Those who believe that the threat to the environment can be dealt with within the capitalist system are hopelessly wrong. These dreamers imagine that politicians whose task it is to run the production for profit system can be persuaded to recognise and act on the danger which pollution brings to the planet. The Socialist Party has been saying for a very long time that people must wake up to the enormous threat of environmental damage which the profit system poses to the world around us. For decades it has been cheaper for capitalists to pollute the air workers breathe than to adopt clean technology. Methods of manufacture which are harmful and disease-spreading have long existed. Ourfood has been adulterated for as long as we have been wage slaves. Animals are made to suffer and die needlessly; endangered species which have no exchange value in the market are free to become extinct. There is nothing new about any of this. In order to make a quick dollar it has long been capitalism’s practice to destroy the Earth’s irreplaceable resources.

The Socialist Party is well acquainted with the arguments that green politics is about pragmatism, that is, cynical compromise. It is about “lesser evils". But why vote to support those who seek to administer the lesser evil when capitalism, which creates the evils, can be abolished altogether? The usual reformist answer is that the lesser evil will take less time to achieve than the grand socialist aim. It is a foolish myth that partial objectives are worthier of support. There is unlikely ever to be a green government, and if there is, then its greatest critics will be the environmentalist movement who will complain that it has sold them out. It is inevitable with reformism; it must sell out in order to fit in with the requirements of the capitalist system.

The Socialist Party is a materialist organisation, but not in the sense that the term is often used: it does not mean that it is obsessed by consumerism and wants people to have more and more “material” goods, such as cars. To be a materialist is to recognise that human beings are rooted in our social environments. Our consciousness is social, and through conscious action we can alter the material environment of which we are a part. The environment is not something “Out There” which must be protected; it is part of us and we part of it. The eco-warrior dream of a non-urban arcadian utopia, undisturbed by influence of Big Business and its needs, is looking backward at a deeply conservative ideal which serves as a valuable diversion for the ruling class.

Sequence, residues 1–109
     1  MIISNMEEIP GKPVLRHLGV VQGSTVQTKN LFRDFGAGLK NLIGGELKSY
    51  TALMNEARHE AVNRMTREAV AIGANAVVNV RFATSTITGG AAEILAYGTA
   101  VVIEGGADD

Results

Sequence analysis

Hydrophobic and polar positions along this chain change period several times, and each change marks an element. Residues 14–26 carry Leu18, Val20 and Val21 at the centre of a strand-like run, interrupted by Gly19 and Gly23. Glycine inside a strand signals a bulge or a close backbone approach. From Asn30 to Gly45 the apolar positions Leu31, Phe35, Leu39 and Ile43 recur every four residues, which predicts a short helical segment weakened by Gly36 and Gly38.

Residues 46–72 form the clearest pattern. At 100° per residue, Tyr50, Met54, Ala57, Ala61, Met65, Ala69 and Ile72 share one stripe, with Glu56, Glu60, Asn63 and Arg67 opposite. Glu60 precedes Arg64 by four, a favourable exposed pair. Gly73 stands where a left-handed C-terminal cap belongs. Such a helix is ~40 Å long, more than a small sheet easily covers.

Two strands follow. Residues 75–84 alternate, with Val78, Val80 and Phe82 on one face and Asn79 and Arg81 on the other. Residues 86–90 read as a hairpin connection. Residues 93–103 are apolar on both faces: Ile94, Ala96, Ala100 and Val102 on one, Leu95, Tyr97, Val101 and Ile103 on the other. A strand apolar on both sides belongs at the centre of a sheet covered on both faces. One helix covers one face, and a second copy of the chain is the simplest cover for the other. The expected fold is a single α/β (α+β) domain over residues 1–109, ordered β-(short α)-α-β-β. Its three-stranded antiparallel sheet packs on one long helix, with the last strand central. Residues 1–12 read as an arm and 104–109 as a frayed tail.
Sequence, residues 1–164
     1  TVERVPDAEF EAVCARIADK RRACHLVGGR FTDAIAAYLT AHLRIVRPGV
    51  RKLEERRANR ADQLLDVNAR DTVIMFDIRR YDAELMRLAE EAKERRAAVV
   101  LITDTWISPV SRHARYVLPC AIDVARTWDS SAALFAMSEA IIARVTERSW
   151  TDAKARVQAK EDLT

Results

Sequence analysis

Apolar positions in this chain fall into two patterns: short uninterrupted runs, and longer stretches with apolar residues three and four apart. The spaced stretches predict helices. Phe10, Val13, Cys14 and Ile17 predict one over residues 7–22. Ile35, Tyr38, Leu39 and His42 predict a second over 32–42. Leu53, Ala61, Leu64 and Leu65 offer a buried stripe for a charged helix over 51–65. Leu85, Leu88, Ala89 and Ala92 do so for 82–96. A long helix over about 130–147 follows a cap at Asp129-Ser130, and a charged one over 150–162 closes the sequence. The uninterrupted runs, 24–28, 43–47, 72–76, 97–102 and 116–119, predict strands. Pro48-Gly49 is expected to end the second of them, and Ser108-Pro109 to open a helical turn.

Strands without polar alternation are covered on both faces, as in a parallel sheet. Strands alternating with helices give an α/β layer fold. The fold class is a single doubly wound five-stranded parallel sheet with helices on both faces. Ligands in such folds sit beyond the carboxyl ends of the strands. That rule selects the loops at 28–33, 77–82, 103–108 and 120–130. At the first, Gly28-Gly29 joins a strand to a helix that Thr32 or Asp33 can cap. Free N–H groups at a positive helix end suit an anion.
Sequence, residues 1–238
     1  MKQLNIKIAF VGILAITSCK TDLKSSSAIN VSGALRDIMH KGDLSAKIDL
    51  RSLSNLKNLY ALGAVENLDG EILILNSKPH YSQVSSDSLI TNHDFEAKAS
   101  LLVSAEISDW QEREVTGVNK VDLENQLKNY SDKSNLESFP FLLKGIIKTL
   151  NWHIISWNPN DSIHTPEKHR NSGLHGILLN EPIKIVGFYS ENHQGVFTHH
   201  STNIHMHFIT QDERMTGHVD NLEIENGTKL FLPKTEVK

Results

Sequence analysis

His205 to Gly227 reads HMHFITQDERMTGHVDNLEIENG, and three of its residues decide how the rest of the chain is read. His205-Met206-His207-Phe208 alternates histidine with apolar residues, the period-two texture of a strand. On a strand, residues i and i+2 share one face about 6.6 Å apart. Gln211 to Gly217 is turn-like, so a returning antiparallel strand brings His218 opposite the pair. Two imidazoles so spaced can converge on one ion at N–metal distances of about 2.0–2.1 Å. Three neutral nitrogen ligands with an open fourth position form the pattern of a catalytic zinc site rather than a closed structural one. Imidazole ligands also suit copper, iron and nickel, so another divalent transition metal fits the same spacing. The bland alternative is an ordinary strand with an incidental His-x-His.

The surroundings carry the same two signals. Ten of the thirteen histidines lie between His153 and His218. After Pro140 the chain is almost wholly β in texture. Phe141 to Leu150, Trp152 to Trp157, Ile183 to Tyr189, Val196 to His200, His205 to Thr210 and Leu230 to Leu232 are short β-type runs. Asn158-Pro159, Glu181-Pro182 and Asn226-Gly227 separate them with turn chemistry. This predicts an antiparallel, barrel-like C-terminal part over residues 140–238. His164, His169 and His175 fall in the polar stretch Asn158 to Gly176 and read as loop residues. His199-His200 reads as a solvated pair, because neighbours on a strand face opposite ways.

Capitalism will pass a few minor reforms because the capitalists themselves realise that their investments are being damaged by the filth created by a lack of environmental concern. Just as they passed The Clean Air Act of 1956, so they will attempt a few more self-regulating laws. Needless to say, these laws will be evaded by those rich and powerful enough to do so. Even when the capitalists are agreed on their common interest, there will always be one or two who will try to make a fast buck at others expense.

The world belongs to the rich. We, who produce everything and run the planet from top to bottom, have given it to them. Our task is to take it back from them; to reclaim the planet for ourselves. If you do not stand for the socialist transformation of global society, in the end, you’ll all end up a rather futile reform group, in a pointless crusade, pleading with the master owning-class to make the planet a little bit better.

And we equally must disillusion those modern-day misanthropes who see humanity as a plague upon the planet and preach catastrophism and the apocalypse.